Every human being came from a single cell. While that fact may not be so obvious in our day-to-day routine, the power of a single cell is observed with the burst of research activity in stem cells and induced pluripotent stem cells (and also see the Nobel Prize winner for 2012 in Physiology or Medicine, Shinya Yamanaka, who discovered the reprogramming process). In cancer research, the concept of cancer stem cells has developed into a major effort into identifying and characterizing circulating tumor cells (“CTC’s”) by which metastatses occurs. This was a major topic of discussion at the Spring 2013 AACR meeting in Washington DC, as well as a recent Next Generation Dx meeting (also in Washington DC). In many other areas of human disease biology, the inherently heterogeneous nature of tissues in general point to the need to analyze biology at a much finer resolution.
Take for example our immune system. Cell-mediated immunity comprises of many different cell types, with T-memory cells retaining an adaptive response to an antigen for the rest of that individuals’ lifetime, along with B-memory cells retaining the humoral response. These particular cells for that particular antigen response are by definition rare – yet plentiful enough in the milieu of your circulatory system to confer protection against future infection. To treat all circulating peripheral blood lymphocyte (PBLs) as a single sample type, while easy enough to obtain, overlooks the vast variety of cells that comprise it. (I have written up about sequencing the immune repertoire here if you haven’t seen it already.)
To put this in context, a healthy individual’s blood will contain from 5M to 10M peripheral blood cells per mL; thus a normal US blood donation is in amounts of 450mL apiece, or using the 5M/mL number, there are over 2B cells in 450mL or 15.2 oz. So if there’s a certain number (100’s? 1,000’s?) of each individual type of memory cells in that particular 450mL unit of blood, whatever that number is, will need to be divided by 2 billion.
If a researcher is looking to see an expression signal from a blood sample, that may represent a signal that is diluted by a factor of 1:1,000,000 or even more. And say they are looking at an expression signal on an RNA-Seq experiment, where the starting material is 5 ug of total RNA. At 10pg of RNA per cell (approximate), that 5 ug represents 500,000 cell’s worth of expressed total RNA. Purifying PolyA+ RNA from that 5 ug yields about 500ng of PolyA+ RNA, which is then turned into cDNA and made into an NGS library.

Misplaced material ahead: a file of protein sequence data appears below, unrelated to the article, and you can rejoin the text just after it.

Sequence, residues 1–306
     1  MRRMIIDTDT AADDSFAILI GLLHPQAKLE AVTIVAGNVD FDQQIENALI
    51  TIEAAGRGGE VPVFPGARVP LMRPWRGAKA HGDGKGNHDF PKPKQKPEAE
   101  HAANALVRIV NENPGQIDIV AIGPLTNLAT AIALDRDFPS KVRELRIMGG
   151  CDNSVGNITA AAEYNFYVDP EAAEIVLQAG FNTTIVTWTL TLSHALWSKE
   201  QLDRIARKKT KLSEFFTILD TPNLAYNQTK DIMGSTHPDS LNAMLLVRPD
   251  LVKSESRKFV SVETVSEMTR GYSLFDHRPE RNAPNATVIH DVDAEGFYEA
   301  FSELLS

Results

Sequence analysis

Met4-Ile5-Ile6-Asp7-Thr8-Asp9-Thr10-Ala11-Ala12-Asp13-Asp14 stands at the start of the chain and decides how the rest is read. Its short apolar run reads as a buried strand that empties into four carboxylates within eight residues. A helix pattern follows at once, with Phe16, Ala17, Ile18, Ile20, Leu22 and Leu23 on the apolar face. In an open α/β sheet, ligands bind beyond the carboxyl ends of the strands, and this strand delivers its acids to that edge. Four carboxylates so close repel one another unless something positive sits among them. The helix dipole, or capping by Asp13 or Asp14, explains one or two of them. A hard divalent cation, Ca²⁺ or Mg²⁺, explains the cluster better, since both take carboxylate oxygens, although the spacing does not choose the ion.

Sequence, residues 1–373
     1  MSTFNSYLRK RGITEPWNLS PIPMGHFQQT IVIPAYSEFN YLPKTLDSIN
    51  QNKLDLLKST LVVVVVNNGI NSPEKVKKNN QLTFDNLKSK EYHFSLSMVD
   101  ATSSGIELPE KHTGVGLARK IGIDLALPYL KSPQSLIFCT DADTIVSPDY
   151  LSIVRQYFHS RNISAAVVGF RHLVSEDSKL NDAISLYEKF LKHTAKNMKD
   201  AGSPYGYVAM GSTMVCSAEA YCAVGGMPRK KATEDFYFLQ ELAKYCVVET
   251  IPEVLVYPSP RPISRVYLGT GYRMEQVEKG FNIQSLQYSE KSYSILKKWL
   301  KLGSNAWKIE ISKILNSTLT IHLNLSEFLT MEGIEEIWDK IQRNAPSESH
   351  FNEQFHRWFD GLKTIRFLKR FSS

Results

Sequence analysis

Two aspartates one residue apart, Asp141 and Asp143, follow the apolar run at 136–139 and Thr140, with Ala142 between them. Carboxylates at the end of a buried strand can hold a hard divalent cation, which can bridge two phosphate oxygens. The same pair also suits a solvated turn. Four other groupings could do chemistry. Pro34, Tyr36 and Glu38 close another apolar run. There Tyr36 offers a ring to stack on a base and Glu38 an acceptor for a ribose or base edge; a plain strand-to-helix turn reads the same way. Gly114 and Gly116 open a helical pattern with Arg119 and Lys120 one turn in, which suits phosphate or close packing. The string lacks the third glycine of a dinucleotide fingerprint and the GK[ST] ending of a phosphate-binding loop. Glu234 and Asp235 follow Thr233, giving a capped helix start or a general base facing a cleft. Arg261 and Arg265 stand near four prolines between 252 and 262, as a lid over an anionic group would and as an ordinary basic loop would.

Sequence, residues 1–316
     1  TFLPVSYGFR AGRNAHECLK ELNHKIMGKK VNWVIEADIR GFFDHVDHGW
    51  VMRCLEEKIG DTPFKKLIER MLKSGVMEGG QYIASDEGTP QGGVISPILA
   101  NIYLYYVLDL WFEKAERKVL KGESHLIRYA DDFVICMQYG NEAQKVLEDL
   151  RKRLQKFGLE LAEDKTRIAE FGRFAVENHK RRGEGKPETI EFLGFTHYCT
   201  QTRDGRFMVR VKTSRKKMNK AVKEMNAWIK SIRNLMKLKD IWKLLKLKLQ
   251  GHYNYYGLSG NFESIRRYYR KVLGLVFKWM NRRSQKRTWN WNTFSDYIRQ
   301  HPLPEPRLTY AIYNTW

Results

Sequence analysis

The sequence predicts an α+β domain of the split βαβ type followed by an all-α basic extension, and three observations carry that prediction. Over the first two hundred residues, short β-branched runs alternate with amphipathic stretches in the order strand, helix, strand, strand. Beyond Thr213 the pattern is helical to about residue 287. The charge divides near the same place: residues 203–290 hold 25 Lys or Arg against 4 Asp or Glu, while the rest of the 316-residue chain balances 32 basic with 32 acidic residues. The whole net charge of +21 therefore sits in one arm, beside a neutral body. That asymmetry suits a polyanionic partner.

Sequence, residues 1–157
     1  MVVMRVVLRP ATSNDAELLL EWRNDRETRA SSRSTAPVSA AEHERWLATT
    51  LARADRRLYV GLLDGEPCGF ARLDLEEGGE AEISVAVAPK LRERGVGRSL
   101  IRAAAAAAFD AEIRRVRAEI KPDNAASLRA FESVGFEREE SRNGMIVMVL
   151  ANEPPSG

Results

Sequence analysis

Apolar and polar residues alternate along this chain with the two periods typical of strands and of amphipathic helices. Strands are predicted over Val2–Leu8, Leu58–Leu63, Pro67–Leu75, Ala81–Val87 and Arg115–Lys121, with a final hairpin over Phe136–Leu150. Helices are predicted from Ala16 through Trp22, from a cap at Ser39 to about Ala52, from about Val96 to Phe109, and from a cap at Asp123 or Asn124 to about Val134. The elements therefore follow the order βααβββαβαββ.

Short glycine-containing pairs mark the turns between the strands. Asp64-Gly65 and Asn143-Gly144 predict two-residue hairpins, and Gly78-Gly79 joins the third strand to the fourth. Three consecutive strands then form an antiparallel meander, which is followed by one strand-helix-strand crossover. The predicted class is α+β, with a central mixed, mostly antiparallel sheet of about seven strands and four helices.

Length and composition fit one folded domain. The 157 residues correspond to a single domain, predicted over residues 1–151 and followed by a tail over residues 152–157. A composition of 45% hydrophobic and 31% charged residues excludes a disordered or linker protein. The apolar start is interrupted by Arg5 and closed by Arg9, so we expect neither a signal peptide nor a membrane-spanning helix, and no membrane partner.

So will that particular signal be found in that RNA-Seq experiment? That’s only 500,000 cells’ worth of starting material. Going back to the ‘whole unit of blood’ scenario, 1:500,000 would equate to over 4,000 cells in that 2B cells in a unit of blood. And anything less than that level of prevalence of the cells of interest, and you run a reasonable risk that that expensive RNA-Seq experiment looking for that signal is simply lost; there is too much background.
Therefore looking at gene expression differences across an average of many cell types is a relatively crude method of looking for a signal. And of course PBLs are only one type of tissue.
Fluidigm introduced (in the summer of 2012) a novel single-cell sample preparation device called the C1™ Single Cell Auto Prep system, which tackles the problem of how to isolate individual cells and perform some biochemistry on them. Under development for several years (I have heard about this work since about 2006), Fluidigm’s history as a company has been all around microfluidics, first offering a protein crystallization system called the Topaz in 2003, still being offered by the company. The protein crystallization market is a bit of a specialty one, where many parameters need to be laboriously tested in a matrix-type fashion, which is a trial-and-error process. By ‘specialty market’, specifically the market for higher-throughput protein crystallization is in the drug discovery / biological characterization field, along with some academic work.